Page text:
The frequency is dependent upon the spacing of the teeth in the array and as the direction of wave propagation is at right angles to the teeth, any change in its length alters the spacing of the teeth and hence the operating frequency. Tension in the transducer reduces the operating frequency while compression increases it.

To measure the torque in a rotating shaft, two saw sensors are bonded to a shaft at 45deg to the axis of rotation. When the shaft is subjected to torque, a signal is produced which is transmitted to a stationary pick up via a capacitive couple comprising two discs, one of which rotates with the shaft, the other being static.

The design of the Hales turbine is reassuringly simple, and therefore likely to survive underwater installation with long service intervals. It was developed by Paul Hales, a design engineer who has spent a career associated with the sea.  “It’s based on the traditional water wheel, but mounted on a vertical axis – on its side,” he explains.

“Using modern engineering and materials it is possible to take this effective early turbine and by turning the output shaft to the vertical to immerse the whole turbine into the tidal flow. To overcome the high resistance on the wheel blades that on one side are trying to move against the water flow, they are shaped and hinged to present a minimum resistance. The large blade area on the drive side produces very high amounts of torque (rotational force) at low speed, in the range of 10 -20rpm.
Coupled with modern permanent magnet generators that can start producing electricity rotations as low as 2rpm, my turbine can offer the possibility of tidal generation worldwide.”

Paul continues: “Water is nearly 800 times denser than air so it carries far more energy, making water turbines a very attractive alternative to wind energy. Notably seabed systems are not an impediment to shipping, nor do they have any visual impact and ecological issues are minimal for low speed systems.”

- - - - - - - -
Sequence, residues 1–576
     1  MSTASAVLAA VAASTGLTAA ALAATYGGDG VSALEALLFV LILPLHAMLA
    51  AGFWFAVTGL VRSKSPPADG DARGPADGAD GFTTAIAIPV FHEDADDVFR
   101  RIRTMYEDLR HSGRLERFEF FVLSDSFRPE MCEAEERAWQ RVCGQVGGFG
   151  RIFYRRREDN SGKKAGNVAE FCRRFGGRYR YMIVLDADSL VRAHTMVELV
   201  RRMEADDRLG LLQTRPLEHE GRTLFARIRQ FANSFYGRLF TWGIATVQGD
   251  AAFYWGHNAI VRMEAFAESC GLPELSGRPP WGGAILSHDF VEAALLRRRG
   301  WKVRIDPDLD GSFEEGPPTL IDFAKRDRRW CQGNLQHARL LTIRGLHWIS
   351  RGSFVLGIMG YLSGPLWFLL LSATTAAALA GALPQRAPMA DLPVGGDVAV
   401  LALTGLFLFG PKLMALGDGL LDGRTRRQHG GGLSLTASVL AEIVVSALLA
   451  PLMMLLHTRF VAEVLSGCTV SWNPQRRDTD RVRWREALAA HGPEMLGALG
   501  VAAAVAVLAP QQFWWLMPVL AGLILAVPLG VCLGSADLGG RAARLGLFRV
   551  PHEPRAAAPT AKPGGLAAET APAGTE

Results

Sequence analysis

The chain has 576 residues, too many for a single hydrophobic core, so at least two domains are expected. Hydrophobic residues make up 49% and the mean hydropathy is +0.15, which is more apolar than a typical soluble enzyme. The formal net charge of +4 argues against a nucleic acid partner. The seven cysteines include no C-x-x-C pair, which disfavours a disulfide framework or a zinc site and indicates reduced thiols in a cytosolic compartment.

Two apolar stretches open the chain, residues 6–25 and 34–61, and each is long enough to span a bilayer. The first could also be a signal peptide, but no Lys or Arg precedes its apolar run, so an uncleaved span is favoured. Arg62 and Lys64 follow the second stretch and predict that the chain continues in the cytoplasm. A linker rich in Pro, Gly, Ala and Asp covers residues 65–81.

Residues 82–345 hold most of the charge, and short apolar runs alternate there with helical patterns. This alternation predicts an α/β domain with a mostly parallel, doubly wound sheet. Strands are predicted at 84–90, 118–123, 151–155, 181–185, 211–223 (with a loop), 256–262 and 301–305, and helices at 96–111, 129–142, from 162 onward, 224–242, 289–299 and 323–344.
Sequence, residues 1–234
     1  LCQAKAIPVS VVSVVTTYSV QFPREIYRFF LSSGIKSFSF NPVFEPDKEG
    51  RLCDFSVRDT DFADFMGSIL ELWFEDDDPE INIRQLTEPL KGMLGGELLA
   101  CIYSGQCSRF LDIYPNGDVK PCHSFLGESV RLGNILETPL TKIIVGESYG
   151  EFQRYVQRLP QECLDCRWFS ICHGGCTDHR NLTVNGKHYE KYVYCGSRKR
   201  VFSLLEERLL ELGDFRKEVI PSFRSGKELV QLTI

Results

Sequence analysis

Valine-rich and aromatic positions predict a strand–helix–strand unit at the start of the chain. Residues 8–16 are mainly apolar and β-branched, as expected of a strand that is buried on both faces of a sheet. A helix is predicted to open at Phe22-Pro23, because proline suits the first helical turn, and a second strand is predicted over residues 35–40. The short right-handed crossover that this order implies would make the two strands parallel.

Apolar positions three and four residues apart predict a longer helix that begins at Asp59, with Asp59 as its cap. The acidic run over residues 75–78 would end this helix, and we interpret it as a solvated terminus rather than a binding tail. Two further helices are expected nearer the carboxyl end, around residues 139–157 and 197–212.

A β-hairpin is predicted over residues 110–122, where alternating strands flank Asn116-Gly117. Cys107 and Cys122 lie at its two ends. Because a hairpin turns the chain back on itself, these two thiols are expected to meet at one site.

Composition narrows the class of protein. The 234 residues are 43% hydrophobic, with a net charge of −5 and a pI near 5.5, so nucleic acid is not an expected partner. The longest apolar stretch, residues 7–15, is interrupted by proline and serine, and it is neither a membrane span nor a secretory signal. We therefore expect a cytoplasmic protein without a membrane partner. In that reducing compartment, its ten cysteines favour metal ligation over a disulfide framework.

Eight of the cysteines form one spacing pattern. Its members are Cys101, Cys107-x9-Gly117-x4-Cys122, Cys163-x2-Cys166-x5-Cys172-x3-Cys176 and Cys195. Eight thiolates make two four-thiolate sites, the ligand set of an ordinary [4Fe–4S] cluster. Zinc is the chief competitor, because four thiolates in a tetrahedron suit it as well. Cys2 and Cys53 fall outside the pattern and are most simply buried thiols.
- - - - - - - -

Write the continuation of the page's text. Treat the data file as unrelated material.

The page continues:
Paul says that he could envision an array of his turbines on every headland along the English Channel and at intervals down the Thames.

“Of course, that is just the start. The simplicity of the design, its robustness and low maintenance, relative ease of installation all add up to making it suitable for deployment in remote and less developed areas. Its low ecological footprint addresses many of the issues raised by environmentalists. Its continuous and utterly predictable power output overcomes the intermittency associated with wind, wave and solar power.

“When, over the test period, people stand on Richmond Bridge and watch a modest array of lights bobbing about on a buoy, they may not know it but they will be seeing the future!”

And so we get back to W. S. Gilbert:

“…they’ll set the Thames on fire
Very soon; very soon.”

See also Power from the Sea and Tidal turbine developement in Ireland & Canada published earlier this year